Article Request, and Extra-legal Cases
whoooo26505 at yahoo.com
Tue Oct 4 10:34:12 PDT 2011
... I think it would be beneficial to ask at the outset what you mean by "extra legal." You'll only end up with theories as to what that is, in the context that you ask the question. A better question, it seems, would be to simply ask this: what decisions most egregiously breach the things the Constitution could be TAKEN to say, without a sufficient cultural or political warrant (explanation). In this sense, your target is not a fixed one. What constitutes "legal" are all those potential arrangements that could be had for constitutional text. Another question to ask which is much better is: among the chosen arrangements today that are "legal," how could they be much much different (and better), yet still remain "legal." This asks, in essence, how could we more creatively arrange the constitution to best suit American culture?
Regards and thanks.
Dr. Sean Wilson, Esq.
Wright State University
Personal Website: http://seanwilson.org
SSRN papers: http://papers.ssrn.com/sol3/cf_dev/AbsByAuth.cfm?per_id=596860
Wittgenstein Discussion: http://seanwilson.org/wittgenstein.discussion.html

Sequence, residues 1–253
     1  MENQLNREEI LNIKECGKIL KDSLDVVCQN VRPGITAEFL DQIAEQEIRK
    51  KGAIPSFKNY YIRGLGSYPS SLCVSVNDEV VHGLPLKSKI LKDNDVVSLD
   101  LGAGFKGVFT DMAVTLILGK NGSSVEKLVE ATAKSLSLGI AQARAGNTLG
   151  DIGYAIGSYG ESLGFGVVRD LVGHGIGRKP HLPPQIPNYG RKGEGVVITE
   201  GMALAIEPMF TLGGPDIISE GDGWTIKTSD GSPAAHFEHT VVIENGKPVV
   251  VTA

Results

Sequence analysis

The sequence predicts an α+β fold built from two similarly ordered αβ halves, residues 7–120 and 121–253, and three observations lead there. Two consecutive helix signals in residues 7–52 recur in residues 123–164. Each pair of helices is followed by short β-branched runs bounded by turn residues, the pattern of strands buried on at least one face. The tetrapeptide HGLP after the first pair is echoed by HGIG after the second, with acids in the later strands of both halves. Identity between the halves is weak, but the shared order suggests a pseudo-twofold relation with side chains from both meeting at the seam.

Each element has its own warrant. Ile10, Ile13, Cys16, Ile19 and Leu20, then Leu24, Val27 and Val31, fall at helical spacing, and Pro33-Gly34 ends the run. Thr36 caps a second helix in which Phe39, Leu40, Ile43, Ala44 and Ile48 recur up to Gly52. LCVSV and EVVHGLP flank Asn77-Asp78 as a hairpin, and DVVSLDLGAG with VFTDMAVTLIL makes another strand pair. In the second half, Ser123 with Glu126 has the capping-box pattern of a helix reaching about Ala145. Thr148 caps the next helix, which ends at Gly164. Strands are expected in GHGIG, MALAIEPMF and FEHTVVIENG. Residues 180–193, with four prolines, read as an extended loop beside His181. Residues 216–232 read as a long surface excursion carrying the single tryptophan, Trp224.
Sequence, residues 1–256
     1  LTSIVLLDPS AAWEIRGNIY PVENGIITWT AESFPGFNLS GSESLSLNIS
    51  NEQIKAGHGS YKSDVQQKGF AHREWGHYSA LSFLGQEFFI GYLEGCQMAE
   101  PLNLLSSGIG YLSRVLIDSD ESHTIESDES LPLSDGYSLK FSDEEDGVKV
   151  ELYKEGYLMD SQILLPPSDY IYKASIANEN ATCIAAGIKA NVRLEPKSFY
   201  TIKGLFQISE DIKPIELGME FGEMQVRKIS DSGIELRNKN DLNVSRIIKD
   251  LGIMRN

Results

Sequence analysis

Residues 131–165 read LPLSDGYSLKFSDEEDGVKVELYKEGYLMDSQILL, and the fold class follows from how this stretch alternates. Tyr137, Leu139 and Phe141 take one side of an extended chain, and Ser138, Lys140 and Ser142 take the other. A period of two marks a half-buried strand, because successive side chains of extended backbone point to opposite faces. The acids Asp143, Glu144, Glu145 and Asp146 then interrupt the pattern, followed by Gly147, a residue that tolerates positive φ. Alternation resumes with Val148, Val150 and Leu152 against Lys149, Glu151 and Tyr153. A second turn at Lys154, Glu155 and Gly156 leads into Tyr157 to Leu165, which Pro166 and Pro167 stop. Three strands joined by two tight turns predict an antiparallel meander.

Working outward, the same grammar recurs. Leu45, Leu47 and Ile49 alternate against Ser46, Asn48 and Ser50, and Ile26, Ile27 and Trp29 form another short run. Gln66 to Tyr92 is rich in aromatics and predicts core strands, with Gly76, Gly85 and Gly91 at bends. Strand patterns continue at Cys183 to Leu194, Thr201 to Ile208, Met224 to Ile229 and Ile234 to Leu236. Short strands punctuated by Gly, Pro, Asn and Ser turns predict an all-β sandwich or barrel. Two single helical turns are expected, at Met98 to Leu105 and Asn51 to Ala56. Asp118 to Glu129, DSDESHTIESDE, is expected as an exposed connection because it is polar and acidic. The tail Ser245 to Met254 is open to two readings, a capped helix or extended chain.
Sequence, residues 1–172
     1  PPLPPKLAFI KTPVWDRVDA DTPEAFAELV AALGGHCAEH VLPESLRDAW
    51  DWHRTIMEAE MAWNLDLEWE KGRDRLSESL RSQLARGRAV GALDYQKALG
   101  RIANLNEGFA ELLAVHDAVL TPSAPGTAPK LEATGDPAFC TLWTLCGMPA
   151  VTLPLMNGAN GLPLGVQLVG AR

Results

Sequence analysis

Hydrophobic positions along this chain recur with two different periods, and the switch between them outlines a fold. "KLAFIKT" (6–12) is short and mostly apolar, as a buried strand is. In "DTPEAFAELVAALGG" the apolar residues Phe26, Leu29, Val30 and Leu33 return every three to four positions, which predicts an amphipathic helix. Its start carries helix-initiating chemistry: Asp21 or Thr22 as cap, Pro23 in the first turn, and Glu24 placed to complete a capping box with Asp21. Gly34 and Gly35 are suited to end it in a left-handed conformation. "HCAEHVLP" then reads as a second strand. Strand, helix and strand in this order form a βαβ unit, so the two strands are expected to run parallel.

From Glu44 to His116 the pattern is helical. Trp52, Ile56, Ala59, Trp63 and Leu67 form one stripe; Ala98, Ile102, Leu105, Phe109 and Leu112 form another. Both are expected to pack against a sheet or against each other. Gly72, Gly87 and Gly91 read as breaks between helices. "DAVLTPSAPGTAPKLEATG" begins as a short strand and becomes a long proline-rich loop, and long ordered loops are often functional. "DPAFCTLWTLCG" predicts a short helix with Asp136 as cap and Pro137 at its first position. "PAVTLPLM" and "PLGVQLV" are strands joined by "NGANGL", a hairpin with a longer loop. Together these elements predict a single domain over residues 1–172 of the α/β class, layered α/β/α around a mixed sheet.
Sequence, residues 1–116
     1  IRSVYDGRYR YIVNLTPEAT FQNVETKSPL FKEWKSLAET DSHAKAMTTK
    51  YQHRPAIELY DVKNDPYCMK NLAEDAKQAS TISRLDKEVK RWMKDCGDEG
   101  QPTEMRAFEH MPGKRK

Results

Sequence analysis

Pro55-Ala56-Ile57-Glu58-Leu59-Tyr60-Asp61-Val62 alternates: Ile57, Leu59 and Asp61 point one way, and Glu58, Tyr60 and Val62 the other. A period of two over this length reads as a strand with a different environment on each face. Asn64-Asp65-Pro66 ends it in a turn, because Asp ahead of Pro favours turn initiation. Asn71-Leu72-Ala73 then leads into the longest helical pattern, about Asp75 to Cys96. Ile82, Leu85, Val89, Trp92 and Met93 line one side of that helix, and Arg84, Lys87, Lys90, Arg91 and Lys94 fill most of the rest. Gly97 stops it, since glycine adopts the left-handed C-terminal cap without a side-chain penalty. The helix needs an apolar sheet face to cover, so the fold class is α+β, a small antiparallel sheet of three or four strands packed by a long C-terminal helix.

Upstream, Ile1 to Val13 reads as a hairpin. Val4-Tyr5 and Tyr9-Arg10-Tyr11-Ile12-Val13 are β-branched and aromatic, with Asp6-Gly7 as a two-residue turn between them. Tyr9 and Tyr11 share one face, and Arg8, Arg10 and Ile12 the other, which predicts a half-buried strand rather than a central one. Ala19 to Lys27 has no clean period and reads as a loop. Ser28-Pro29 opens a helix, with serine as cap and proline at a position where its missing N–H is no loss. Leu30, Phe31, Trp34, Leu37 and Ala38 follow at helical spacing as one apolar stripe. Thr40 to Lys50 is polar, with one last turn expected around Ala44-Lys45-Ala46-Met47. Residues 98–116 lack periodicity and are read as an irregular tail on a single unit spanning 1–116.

From: Mark S Kende <mark.kende at drake.edu>
To: "'conlawprof at lists.ucla.edu'" <conlawprof at lists.ucla.edu>
Sent: Tuesday, October 4, 2011 1:08 PM
Subject: RE: Article Request, and Extra-legal Cases
I have two questions for the list. Feel free to reply privately.
1.I recently saw an SSRN paper mentioned that dealt with the fact that the House of Representatives now requires its members to assert the constitutional foundations for any legislation being introduced. I believe the paper assesses the legal significance of this House rule. Does anyone know the SSRN or other cite for this paper?
2.Which U.S. Supreme Court cases, if any, do folks think should or could be considered “extra-legal” in some sense? I don’t mean cases that people really dislike, though there may be some overlap. I also would prefer to stay away from cases that have been overturned by the Court itself as that seems too easy. You can define that term as you wish otherwise. (Perhaps one answer some folks would have is no cases, as the Court’s decisions can’t be “extra-legal.”) Korematsu occurred to me as a possibility (though I can see the counter-arguments) but I would love to hear what others think.
Professor Mark Kende
James Madison Chair in Constitutional Law
Director, Drake University Constitutional Law Center
2507 University Ave., Des Moines, IA 50311
515-271-3354, 515-271-1858 (fax)
mark.kende at drake.edu
Author, Constitutional Rights in Two Worlds: South Africa and the United States (Cambridge Univ. 2009), http://www.amazon.com/Constitutional-Rights-Two-Worlds-Africa/dp/product-description/0521171768
SSRN sample papers: http://ssrn.com/author=339761
Center Web Site: http://www.law.drake.edu/academics/conLaw/
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